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Good in Bed Paperback – April 2, 2002
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"A delight...a contemporary Cinderella tale told with intelligence, wit, and style." —New York Times bestselling author Susan Isaacs
"A crackling debut...Cannie emerges as one of the most engaging, realistic female characters in years." —Entertainment Weekly, Grade: A
"This season's beach-book Queen for a Day." —Janet Maslin, New York Times
About the Author
Jennifer Weiner is the #1 New York Times bestselling author of fourteen books, including Good in Bed, The Littlest Bigfoot, and her memoir Hungry Heart: Adventures in Life, Love, and Writing. A graduate of Princeton University and contributor to the New York Times Opinion section, Jennifer lives with her family in Philadelphia. Visit her online at JenniferWeiner.com.
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However, it is not a story about the character(s) getting more confident in bed or being wanted, but about weight and physical appearance.I assume the title here was just a provocative teaser to get people to look at the goods, er, book.I read it in one go being sick at home all day, and I enjoyed it overall.
Finally, I can relate to some comments that Cannie is not a very likable character. For one thing, I wonder how a book character ends up with such a terrible (nick)name, what's wrong with Candace? Just joking. Still. For another, there's a bitterness underlying the great humor that I found a little disturbing. Voila. I read a couple of other Jennifer Weiner books, and my favorite probably is still "Then came you".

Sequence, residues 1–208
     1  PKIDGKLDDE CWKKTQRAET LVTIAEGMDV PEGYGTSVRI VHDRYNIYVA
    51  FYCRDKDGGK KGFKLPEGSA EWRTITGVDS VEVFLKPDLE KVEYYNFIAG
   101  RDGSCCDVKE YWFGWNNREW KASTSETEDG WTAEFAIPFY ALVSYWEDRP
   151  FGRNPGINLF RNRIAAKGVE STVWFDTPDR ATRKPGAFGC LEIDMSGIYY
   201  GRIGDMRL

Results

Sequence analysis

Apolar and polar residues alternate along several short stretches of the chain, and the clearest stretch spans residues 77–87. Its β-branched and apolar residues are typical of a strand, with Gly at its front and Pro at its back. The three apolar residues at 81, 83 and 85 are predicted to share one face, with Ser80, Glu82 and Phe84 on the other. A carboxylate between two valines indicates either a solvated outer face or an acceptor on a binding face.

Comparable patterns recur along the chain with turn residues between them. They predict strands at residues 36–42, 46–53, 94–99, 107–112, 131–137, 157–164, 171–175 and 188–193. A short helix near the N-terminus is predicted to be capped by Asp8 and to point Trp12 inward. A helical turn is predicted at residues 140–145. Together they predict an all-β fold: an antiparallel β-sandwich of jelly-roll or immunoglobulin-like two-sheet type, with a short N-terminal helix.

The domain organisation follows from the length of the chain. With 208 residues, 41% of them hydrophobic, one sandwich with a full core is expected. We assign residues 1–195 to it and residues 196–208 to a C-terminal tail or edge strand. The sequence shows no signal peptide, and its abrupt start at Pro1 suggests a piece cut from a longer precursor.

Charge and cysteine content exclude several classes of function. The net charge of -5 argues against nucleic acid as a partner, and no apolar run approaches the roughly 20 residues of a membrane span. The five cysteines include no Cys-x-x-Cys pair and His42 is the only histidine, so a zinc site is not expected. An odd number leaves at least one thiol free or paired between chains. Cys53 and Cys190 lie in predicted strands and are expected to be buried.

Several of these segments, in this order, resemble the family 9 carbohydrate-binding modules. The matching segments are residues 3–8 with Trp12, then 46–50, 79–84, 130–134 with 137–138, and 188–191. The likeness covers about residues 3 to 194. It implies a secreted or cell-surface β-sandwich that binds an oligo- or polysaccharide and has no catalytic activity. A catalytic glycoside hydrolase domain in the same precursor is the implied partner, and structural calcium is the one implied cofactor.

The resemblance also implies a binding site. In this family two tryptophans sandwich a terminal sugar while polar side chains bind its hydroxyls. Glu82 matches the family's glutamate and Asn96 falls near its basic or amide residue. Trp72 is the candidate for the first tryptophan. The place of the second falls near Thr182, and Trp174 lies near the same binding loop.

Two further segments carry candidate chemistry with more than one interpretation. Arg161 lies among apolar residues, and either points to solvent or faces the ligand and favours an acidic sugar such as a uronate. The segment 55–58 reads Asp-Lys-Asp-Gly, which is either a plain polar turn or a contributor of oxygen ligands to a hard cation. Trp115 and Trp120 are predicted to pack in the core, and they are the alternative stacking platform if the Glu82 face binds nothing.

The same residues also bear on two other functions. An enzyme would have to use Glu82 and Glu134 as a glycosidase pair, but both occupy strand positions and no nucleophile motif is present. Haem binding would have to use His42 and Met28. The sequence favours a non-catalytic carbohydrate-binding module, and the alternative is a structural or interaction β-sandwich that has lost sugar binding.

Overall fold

Cannie's weight -- what can I say? I read the shortened excerpt in Mode Magazine -- so I obviously related to the 'body-image' aspect of Cannie's hang-ups. My favorite part of the book was when she stood up and did her tirade at the nurse in the fat clinic -- I absolutely cracked up and called a friend to read it aloud.
At the beginning of the second half of the book, I was slightly annoyed at the very unrealistic turn of events (meeting Maxie, selling a screenplay, hobnobbing with stars, the whole Dr. K thing doesn't actually happen to many of us and I related so much better to the first part of the book) but -- isn't that the point? I mean, the book was entertaining, funny, sweet, tender and yes, a fantasy. It wouldn't have been nearly as interesting if Cannie went on like she was, pining for Bruce as he humiliated her in public on a monthly basis, becoming something of an overaged college-girl-never-reaching-her-potential with a funny dog. She grew up, 'came of age', whatever you want call it and in the end, got the sweetest revenge of all -- happiness and success.
Thank you Jennifer, for writing this book, I will eagerly await your next novel. As one of the reviewers mentioned was possible, I did stay up 'til exactly 2 a.m. this morning to finish it. Now, tired with puffy eyes (I cried a lot at the end) I'd better get to work.
I hope you don't change when you become wildly famous and successful -- you're a fabulous writer and judging from your wonderful sense of humor, I bet a fun person to know.